Date: Friday, May 29th, 2015, 05:42
Category: Aperture, Google, iPhoto, photos
Apple dropped the ball on photos. Big time.
For years, Apple products were my default photo locker, gallery, and sharing tool. Now I’ve switched to Google, but only because Apple forced my hand. My workflow was simple: shoot photos on my iPhone and dSLR, sync everything to Aperture and share from there.
Here’s a brief timeline on how Apple went off the rails with photos:
- September 2011 – Apple rolled out iCloud without photo galleries.
- June 2012 – Apple dropped its MobileMe Gallery service and replaced it with a confusing array of inferior photo sharing options.
- June 2014 – Apple announced that it was replacing iPhoto and Aperture with a new app called Photos.
- September 2014 – Apple switched its iCloud storage pricing to monthly billing (200GB for $4/mo., 500GB for $10/mo. and 1TB for $20/mo.)
- September 2014 – A vulnerability in Find My iPhone was believed to be responsible for targeted hacks on numerous celebrity iCloud accounts resulting in the leak of nude photos.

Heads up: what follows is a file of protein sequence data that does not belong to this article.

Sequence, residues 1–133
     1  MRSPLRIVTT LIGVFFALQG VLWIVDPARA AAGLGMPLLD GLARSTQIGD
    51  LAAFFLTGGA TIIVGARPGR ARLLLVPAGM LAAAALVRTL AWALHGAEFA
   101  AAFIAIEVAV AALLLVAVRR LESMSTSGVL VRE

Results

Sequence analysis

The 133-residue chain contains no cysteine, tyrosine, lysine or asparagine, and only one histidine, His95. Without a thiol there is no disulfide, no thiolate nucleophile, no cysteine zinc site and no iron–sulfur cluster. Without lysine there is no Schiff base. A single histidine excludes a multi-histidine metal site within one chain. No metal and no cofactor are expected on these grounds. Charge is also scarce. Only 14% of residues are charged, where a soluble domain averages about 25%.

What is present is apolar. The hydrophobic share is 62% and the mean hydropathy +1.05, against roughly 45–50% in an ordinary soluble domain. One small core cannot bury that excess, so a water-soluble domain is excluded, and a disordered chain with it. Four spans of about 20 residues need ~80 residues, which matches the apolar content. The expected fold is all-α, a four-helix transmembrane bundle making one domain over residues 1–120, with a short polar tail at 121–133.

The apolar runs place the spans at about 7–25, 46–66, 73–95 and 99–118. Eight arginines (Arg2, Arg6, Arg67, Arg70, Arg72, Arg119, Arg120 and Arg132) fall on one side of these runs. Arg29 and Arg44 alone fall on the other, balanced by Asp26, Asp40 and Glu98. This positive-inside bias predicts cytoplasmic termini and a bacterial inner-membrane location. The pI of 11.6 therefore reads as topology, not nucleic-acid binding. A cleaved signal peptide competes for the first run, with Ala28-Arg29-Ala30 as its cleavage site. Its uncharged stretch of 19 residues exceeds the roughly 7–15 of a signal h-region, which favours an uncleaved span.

- April 2015 – Apple released Photos (with Yosemite) essentially killing iPhoto and Aperture.
In summary, After leaving customers hanging without photo galleries, Apple dropped support for its professional photo app (Aperture), jacked up its cloud storage prices, then released an inferior Photos app that didn’t support Aperture projects (whoops!). My six year investment in organizing my photos in Aperture is basically gone and I’m now locked into using an End-Of-Life (EOL) software application if I want to see my projects.
No thank you.
At I/O 2015 Google announced that Google Photos now includes unlimited free photo storage (up to 16MP for photos, and 1080p for videos). The best part? You can easily auto-upload your entire photo library to Google Photos in the background. Here’s how: (more…)